A good test of any culture is found in how it handles sacred mysteries. Our own society seems to know only one way: coldly expose them to a blatant public scrutiny. And nowhere is this modus operandi more evident than in the way we deal with our sexuality.

Recently the lead editorial in a major daily in my locale expressed a deep concern over the problem of teenage pregnancy. In the course of his argument, the editor made a proposal: the immediate repeal of a state law that limits the sale of condoms to “drug stores, licensed pharmacies and physicians/medical practitioners.” Furthermore, he suggested these contraceptives be made readily available wherever teenagers congregate, at hangouts such as “video arcades, cheap restaurants or multiplex movie houses.”

“Our” editor feels this kind of access would make for “safe sex, if not smart or moral sex between teens.” This is needed, he said, while “their intellects catch up with their raging hormones.” Needless to say, I was uneasy reading all of this. Yes, I know I am getting old. And, of course, there is my “evangelical prudishness.” But there is also my concern about differentiating “safe sex” and “smart sex” from “moral sex.”

The thought of Burger King and McDonald’s nobly rushing to solve this great social problem with short-order contraceptives bothers me. I do not question their ability to make almost any product accessible. But what we are dealing with here is something more than a burger, shake, and “raging hormones.”

Take the Kinlaw family, for example. It has been enlarged recently with the birth of Elisabeth Grace. She is our sixteenth grandchild.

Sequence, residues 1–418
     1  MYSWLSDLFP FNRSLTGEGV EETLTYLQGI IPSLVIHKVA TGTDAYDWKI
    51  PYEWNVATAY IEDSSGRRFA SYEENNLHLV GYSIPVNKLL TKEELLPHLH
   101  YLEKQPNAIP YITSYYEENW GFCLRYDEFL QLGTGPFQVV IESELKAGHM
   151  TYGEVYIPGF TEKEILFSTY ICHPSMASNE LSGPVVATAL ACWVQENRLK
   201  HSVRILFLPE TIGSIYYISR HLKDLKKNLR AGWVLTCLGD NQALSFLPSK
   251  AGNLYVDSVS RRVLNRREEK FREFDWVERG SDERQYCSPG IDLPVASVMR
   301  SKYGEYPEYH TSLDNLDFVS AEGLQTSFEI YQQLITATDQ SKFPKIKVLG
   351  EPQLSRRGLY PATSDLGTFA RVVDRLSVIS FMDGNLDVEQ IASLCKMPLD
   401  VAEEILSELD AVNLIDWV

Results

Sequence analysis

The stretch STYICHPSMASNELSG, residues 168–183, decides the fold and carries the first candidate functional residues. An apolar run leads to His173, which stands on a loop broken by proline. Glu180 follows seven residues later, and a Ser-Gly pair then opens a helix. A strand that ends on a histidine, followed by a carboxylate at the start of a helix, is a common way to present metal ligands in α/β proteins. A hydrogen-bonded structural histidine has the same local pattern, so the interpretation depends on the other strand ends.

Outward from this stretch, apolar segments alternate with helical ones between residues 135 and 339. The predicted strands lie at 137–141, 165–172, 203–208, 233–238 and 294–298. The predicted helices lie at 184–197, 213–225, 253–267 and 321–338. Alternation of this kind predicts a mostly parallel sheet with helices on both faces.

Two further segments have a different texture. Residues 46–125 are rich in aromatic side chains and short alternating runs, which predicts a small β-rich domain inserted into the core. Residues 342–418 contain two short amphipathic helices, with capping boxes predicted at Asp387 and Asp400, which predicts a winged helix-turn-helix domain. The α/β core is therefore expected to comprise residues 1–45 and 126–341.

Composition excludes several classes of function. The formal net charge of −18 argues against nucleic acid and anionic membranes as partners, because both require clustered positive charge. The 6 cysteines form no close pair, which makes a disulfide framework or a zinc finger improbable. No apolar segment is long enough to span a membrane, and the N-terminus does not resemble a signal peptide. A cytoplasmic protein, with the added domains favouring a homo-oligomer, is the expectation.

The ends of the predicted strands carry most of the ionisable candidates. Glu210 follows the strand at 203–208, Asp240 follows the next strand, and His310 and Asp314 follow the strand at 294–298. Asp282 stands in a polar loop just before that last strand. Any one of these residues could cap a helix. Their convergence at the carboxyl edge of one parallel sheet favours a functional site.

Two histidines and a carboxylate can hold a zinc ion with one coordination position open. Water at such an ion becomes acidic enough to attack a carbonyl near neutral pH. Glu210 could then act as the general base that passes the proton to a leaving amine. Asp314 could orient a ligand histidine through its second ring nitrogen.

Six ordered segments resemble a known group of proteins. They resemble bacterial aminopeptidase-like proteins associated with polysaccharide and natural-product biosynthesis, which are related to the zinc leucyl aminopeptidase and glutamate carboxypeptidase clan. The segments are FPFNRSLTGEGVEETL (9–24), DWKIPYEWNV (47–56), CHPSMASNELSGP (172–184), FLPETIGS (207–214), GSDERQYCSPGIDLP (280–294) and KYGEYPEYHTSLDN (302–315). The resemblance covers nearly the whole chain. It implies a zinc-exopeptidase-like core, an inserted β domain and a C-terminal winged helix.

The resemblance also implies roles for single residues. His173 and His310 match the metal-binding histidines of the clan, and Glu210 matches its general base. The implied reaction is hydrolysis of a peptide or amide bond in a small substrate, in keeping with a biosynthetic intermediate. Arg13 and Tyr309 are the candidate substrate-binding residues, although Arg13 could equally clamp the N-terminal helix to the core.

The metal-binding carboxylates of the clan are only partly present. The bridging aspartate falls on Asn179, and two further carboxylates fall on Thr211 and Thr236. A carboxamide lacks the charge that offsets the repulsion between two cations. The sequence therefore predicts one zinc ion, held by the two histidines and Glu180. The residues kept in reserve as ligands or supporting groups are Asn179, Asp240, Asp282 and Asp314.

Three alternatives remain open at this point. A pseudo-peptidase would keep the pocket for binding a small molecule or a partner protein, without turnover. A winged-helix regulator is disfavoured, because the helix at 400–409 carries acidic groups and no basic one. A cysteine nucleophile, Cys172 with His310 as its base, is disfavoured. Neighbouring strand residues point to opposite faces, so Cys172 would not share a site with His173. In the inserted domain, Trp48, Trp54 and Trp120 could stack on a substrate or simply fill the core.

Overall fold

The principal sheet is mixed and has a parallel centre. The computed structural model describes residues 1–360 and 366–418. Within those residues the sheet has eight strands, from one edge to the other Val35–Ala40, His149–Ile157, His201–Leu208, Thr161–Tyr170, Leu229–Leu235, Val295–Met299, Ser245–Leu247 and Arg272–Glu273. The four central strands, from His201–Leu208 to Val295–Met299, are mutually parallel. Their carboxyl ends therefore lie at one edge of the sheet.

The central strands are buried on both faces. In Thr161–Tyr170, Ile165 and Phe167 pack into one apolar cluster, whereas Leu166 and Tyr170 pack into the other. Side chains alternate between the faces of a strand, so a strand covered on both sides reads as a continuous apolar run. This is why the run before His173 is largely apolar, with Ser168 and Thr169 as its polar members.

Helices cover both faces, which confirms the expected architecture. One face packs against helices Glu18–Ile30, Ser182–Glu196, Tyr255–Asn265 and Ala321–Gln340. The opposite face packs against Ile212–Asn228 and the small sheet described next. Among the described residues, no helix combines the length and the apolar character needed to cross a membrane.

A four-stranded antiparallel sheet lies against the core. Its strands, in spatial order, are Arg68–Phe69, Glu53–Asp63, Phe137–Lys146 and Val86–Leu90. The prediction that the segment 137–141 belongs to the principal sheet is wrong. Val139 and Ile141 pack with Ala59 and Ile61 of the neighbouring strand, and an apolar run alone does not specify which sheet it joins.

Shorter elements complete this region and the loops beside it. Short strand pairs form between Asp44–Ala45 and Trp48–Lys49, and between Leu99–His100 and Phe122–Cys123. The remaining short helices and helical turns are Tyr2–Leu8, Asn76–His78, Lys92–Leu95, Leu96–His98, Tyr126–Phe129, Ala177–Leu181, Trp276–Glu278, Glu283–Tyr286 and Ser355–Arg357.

A new life is always awesome when it makes its appearance, but Elisabeth Grace’s advent was even more so. You see, all three pregnancies for Elisabeth’s redheaded mother have had complications and have flirted with death itself. But right there on a videotape for our family to see was that redhead of ours smiling as she (and we) saw for the first time little Elisabeth Grace in all her wrinkled glory. Death had been cheated again. Life and love had won!

Neither video arcades nor the local Burger King are quite the proper ambients for dealing with the mystery and miracle of human sexuality and the creation of human life.

Why is it, as Mike Mason reminds us in his book The Mystery of Marriage (Multnomah, 1985), that only the human creature can be naked? And that the human body under the right circumstances, if not flaunted, can reveal a glory that is unique in all the Earth? There is something here that is more than physical.

The whole question of easy access brings me to another mystery: the glory of God as revealed in Scripture. As a Hebrew student I was surprised to learn that the God of light, Yahweh of Israel, dwells in deep darkness. In fact, Hebrew has a special word for that impenetrable thick cloud. This is the same God who was married to Israel and chose to live in her midst. But he was not readily accessible.

The structure of the tabernacle and temple reveal there were stages of proximity—each stage physically limiting the numbers who could approach the Almighty. The final step of access was available only to one person, the high priest, and that on only one day of the year.

Was this because Yahweh was afraid Israel would find him? Oh, no. His fear was that Israel, like its neighbors, would find a substitute and think it had found the real thing. Could that say something to us when we contrast “safe sex” and “smart sex” with “moral sex?”

Perhaps there is a parable here.


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